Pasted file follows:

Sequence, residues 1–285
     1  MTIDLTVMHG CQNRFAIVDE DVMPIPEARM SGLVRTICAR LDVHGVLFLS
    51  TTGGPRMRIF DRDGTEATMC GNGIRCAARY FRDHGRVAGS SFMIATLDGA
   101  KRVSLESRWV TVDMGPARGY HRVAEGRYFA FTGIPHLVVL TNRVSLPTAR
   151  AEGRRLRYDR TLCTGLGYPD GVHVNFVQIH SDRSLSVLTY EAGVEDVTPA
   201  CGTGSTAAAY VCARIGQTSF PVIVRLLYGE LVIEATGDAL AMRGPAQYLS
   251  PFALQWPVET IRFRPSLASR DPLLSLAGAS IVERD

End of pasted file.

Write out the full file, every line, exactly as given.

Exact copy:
Sequence, residues 1–285
     1  MTIDLTVMHG CQNRFAIVDE DVMPIPEARM SGLVRTICAR LDVHGVLFLS
    51  TTGGPRMRIF DRDGTEATMC GNGIRCAARY FRDHGRVAGS SFMIATLDGA
   101  KRVSLESRWV TVDMGPARGY HRVAEGRYFA FTGIPHLVVL TNRVSLPTAR
   151  AEGRRLRYDR TLCTGLGYPD GVHVNFVQIH SDRSLSVLTY EAGVEDVTPA
   201  CGTGSTAAAY VCARIGQTSF PVIVRLLYGE LVIEATGDAL AMRGPAQYLS
   251  PFALQWPVET IRFRPSLASR DPLLSLAGAS IVERD